Growing Gerbera Daisies: Plant Care, Types and Propagation
Gerbera daisies (Gerbera jamesonii), also known as transvaal daisies, are a cheery-looking addition to any summer garden. These colorful plants have daisy-like flowers, but they aren’t actually daisies at all. Daisies and gerbera daisies are in the Asteraceae family, so they’re related, but they do not share a genus. True daisies are in the Bellis genus, while Gerbera is a separate genus. Discover what you need to know to successfully grow gerbera daisies in your garden.
Growing Gerbera Daisies in Your Garden
Gerbera daisies are generally tender perennials in USDA Zones 8-11, though some varieties are actually hardy to Zone 7. Outside of these areas, they are grown as annuals. Gerbera daisies come in a wide variety of colors and sizes, so there are options for many gardening applications for them. These beauties are also good flowering houseplants.
Where to Plant Gerbera Daisies: Light and Soil Requirements
Gerbera daisies thrive when they are positioned to get sun in the morning and shade in the afternoon. They need protection from the afternoon sun because they don’t do well in high heat. They need well-draining soil that’s rich in organic matter and has a pH level between 5.5 and 6.5, which is in the slightly acidic range. Do not plant them in clay or other soil with poor drainage, as they will rot in this type of environment.
Watering and Fertilizing Gerbera Daisies
It’s important to avoid over watering gerbera daisies. They generally need around an inch of water every week, but they will develop crown rot if the crown doesn’t dry out between waterings. Check the top half-inch or so of soil planted before watering. If the soil in that area is still moist, then it’s not time to water the plant. Use a slow-release fertilizer in the spring, then a few more times throughout the growing season. Alternately, apply a fast-acting fertilizer each month during the growing season.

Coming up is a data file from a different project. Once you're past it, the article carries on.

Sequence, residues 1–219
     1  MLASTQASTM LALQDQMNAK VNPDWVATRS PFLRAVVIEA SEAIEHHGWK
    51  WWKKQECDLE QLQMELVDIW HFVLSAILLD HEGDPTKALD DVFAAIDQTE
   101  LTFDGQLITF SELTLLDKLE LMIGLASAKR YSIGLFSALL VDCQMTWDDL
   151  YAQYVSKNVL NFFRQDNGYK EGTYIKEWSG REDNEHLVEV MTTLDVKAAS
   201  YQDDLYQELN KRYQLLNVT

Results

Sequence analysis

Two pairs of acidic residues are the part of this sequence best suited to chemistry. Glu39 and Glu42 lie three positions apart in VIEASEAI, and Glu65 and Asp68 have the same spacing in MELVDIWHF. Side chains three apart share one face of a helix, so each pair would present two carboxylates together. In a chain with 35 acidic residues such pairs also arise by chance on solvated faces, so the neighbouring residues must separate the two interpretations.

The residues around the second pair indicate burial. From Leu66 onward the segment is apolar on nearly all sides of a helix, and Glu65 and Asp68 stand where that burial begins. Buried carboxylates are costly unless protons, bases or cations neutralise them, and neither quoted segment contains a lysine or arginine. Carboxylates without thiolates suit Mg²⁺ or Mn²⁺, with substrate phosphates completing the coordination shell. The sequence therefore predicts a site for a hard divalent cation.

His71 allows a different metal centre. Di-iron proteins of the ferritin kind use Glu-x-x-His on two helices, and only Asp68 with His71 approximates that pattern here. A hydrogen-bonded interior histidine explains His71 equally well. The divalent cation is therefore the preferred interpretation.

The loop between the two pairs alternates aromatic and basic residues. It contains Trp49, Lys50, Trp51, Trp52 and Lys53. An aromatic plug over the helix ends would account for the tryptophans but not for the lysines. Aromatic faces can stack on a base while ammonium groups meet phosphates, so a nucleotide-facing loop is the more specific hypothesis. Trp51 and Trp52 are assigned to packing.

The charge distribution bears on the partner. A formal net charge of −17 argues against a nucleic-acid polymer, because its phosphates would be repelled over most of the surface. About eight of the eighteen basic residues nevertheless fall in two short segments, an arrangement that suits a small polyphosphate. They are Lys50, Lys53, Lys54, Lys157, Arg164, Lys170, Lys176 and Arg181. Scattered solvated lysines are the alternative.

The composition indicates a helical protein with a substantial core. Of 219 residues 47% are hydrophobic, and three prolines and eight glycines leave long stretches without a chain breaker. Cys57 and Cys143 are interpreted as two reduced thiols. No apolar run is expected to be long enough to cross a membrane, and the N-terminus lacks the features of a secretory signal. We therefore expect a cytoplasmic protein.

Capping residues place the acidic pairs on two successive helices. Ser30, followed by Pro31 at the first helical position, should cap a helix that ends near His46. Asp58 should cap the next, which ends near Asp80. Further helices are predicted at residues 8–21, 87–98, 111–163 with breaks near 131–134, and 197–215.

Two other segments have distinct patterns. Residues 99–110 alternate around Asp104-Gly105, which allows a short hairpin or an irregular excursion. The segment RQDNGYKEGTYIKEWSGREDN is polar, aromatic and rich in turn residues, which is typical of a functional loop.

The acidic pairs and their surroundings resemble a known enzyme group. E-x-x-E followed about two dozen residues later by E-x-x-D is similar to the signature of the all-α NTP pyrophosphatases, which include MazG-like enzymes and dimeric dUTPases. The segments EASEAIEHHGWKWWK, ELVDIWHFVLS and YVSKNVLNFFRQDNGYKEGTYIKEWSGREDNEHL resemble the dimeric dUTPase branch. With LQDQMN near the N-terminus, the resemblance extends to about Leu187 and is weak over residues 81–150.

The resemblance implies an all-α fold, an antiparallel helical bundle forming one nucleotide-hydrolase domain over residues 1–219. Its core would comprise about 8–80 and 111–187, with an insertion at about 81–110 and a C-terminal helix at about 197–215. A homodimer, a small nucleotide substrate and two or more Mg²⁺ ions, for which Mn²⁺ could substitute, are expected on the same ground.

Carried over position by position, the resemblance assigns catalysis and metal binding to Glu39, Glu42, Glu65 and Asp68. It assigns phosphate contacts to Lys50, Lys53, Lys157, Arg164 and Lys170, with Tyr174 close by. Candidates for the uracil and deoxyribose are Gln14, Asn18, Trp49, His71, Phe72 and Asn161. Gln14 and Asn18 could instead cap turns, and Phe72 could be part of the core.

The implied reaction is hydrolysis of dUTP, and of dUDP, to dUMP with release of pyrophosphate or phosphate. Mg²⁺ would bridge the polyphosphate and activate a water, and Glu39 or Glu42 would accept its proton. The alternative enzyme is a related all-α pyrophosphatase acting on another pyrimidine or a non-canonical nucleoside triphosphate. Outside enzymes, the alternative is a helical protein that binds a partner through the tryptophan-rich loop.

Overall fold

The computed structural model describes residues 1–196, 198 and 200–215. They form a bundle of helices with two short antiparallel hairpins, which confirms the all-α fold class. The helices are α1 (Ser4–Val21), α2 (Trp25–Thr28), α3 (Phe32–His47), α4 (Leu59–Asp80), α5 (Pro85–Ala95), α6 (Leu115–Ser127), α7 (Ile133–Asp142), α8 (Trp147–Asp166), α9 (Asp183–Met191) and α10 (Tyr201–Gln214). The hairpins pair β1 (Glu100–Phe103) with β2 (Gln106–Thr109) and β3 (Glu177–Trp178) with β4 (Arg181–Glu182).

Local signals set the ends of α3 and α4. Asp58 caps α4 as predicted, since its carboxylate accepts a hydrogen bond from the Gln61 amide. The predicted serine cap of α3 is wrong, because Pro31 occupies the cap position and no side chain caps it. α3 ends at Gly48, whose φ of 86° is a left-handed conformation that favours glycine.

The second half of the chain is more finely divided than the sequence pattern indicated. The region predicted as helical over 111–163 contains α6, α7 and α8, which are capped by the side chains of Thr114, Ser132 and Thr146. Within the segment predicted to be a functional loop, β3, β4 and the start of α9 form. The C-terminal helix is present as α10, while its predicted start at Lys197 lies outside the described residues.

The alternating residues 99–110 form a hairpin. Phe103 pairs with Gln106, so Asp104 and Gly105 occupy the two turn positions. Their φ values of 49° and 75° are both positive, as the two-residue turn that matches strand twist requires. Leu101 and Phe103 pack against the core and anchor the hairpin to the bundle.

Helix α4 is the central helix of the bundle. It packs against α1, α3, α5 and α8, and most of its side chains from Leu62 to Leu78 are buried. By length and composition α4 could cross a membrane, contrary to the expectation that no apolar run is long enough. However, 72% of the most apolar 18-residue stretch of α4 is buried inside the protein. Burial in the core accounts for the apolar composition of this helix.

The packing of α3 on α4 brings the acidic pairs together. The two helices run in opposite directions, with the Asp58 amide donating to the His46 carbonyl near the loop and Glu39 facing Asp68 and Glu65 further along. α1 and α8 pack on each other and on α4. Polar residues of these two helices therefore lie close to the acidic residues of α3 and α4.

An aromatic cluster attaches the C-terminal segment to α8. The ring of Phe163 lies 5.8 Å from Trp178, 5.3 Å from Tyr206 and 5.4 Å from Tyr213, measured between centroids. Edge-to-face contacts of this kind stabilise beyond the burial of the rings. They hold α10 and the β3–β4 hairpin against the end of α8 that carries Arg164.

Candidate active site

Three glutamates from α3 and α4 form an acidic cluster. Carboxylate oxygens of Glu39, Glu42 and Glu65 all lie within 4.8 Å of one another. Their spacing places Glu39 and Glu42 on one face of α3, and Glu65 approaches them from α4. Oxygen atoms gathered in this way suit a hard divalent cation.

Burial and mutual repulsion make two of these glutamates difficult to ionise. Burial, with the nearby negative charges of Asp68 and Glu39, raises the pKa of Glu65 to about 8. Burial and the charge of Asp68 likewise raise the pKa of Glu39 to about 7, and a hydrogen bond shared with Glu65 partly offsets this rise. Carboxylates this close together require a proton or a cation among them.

Pruning Gerbera Daisies
Gerbera daisies require only minor pruning to keep them in peak condition. Use pruning shears or scissors to snip off any damaged or dead leaves at the base of the plant and to snip spent flower stems at the point where they emerge from the plant. You should also remove debris from around the base of the plant, such as petals or pieces of leaf. Look in between the leaves to see if there are any spent flower stems or buds and snip those off as well. Do this periodically throughout the growing season.
Do You Cut Back Gerbera Daisies in the Fall?
The answer is yes. If you are growing gerbera daisies as houseplants or outdoors in a warm area where they are perennial, you will want to cut them back in the fall. Follow the same procedure as for the general pruning instructions above. If gerbera daisies are not perennial in your area, you may want to dig them up in the fall and pot them so you can keep them alive indoors over the winter. Don’t expect blooms during the winter months.
Gerbera Daisies Pests and Diseases
Gerbera daisies are subject to common garden pests, such as whiteflies, thrips, spider mites, and aphids. You can combat pests organically with neem oil, or you can opt to use an insecticidal soap spray. Avoid applying these substances when the temperature soars above 90 degrees. Spray in the early evening hours, as the sun won’t be beating down on the plants and pollinators aren’t likely to be active then. Disease-wise, gerbera daisies can contract powdery mildew, which can be managed by pruning away affected leaves.